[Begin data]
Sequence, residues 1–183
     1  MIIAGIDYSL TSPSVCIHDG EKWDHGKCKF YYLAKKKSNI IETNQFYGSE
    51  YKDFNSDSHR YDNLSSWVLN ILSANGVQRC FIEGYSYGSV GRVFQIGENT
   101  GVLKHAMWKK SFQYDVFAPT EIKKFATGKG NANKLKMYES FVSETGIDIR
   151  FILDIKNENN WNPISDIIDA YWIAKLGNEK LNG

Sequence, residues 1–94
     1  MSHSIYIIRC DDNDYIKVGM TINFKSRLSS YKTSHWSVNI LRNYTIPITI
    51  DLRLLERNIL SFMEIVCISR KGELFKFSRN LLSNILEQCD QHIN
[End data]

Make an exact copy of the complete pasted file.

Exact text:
Sequence, residues 1–183
     1  MIIAGIDYSL TSPSVCIHDG EKWDHGKCKF YYLAKKKSNI IETNQFYGSE
    51  YKDFNSDSHR YDNLSSWVLN ILSANGVQRC FIEGYSYGSV GRVFQIGENT
   101  GVLKHAMWKK SFQYDVFAPT EIKKFATGKG NANKLKMYES FVSETGIDIR
   151  FILDIKNENN WNPISDIIDA YWIAKLGNEK LNG

Sequence, residues 1–94
     1  MSHSIYIIRC DDNDYIKVGM TINFKSRLSS YKTSHWSVNI LRNYTIPITI
    51  DLRLLERNIL SFMEIVCISR KGELFKFSRN LLSNILEQCD QHIN